German Wages: Creeping Optimisim

The differences between eurozone members tends to be a key focus for investors and policy makers.  There is another fissure that typically is under-appreciated.  It is within Germany itself, and it is often not discussed in polite company.  It is the divide between German workers and the economic elite.

The German economic model, under which it exports 40% of everything it produces, presupposes a highly disciplined work force, where employers keep the lion's share of productivity gains, and increases in unit labor costs are fiercely resisted.  

German officials pride themselves on rules-based framework.  Yet, to an outsider, they pick and chose which rules they adhere to and which they sweep under the carpet.  German, alongside France, was the first to violate the Stability and Growth Pact.  Both then resisted the imposition of the financial penalty.

We have noted before how the Germany fails to enact its commitment for defense spending under the agreement with NATO, though its banks had little problem loaning money to Greece for it to buy German-made weapon systems.  Along similar lines, Germany has disregarded the IMF, G20 and the EC by not seeking to correct its external surplus.  In fact, in 2014 Germany posted a record trade surplus.

As Thomas Mann once said, what is desired is not a German Europe, but a European Germany.  To this end, what is ultimately needed is a realignment of power between employees and employers in Germany.  There is some reason to be guardedly optimistic.  The largest union in Germany, IG Metall reached a deal with employers that increases pay for 800k metal and electrical workers in Baden-Wurttemberg by 3.4% plus a small one-off payment (150 euros).

IG Metall represents 2.27 mln workers throughout Germany.  The pattern negotiations, under which IG Metall's agreement would form the basis of other labor agreements, have waned, but the IG Metall settlement is likely to encourage other.  Reports suggest 32 regional contracts, covering seven unions and 6.5 mln workers expire this year.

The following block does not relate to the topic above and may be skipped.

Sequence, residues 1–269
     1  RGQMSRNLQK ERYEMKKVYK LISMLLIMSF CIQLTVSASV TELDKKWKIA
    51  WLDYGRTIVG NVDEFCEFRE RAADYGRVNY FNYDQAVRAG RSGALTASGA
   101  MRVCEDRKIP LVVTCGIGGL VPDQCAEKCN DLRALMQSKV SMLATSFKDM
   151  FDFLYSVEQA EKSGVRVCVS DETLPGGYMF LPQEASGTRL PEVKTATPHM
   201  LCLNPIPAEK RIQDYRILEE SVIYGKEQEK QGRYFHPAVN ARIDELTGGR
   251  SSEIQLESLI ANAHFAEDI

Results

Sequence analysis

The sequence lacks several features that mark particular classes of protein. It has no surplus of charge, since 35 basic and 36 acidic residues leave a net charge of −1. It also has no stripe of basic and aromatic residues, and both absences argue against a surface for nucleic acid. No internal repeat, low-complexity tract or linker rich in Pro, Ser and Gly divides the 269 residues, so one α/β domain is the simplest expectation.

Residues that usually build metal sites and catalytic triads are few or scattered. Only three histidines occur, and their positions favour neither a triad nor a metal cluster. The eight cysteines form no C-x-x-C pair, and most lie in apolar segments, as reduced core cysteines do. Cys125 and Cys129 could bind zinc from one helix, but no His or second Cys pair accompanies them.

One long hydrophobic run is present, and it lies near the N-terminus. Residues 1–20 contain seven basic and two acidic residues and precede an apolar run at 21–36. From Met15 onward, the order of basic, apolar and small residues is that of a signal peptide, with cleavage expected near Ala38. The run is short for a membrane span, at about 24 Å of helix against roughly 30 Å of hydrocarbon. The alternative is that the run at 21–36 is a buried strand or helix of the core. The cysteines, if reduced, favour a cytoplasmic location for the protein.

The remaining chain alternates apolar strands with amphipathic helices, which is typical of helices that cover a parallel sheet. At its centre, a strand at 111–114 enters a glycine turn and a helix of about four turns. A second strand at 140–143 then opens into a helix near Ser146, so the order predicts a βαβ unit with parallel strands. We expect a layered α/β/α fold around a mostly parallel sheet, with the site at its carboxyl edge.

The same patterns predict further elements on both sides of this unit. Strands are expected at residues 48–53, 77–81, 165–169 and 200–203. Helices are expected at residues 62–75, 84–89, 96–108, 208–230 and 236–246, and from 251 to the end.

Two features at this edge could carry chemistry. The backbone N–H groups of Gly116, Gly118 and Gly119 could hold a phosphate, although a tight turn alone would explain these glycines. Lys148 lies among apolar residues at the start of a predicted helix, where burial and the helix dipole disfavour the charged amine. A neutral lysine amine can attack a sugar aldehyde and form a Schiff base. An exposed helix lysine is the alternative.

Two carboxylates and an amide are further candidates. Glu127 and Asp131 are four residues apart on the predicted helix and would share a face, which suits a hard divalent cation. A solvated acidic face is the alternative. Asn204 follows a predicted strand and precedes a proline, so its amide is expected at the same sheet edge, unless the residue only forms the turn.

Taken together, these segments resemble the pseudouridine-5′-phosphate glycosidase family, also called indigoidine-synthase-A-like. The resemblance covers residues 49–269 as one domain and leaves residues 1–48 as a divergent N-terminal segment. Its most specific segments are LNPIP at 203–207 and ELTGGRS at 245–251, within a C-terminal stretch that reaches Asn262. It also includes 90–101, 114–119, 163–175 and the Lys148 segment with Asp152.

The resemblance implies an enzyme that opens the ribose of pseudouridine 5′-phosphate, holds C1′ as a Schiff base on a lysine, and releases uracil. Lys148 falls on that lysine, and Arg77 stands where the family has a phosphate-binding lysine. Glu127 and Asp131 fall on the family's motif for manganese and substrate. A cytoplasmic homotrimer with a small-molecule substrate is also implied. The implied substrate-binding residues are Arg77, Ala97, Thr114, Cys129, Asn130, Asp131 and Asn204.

Often media and analysts talk in terms of Germany as if it were an homogeneous whole. Then what to make nearly 1400 companies being impacted by strike in 2013, more than three-fold increase over 2012?  The data from 2014 has not been reported yet, but there were some large industrial actions against an airline and railway. 

Over the objections of some of her own party, Chancellor Merkel supported last year's introduction of a minimum wage.  It was encouraged by the SPD, who is once again in a coalition with the CDU.  It is set at 8.5 euros an hour.  In January, German unemployment stood at 6.5%, the lowest since reunification.   

This is not the first time post-2010 that German wage increases may surpass the rate of inflation.  It need not reflect a change in regimes or the German model.  Nevertheless to the extent that German wages rise faster, it removes some pressure from other countries to push wages down to be more competitive.   In this context German wage increases should be seen as a net positive for the eurozone, were a weak, fragile and uneven recovery appears to be gaining some traction prior to the launch of the new, more aggressive asset purchase program by the ECB.  








German Wages: Creeping Optimisim German Wages:  Creeping Optimisim Reviewed by Marc Chandler on March 02, 2015 Rating: 5
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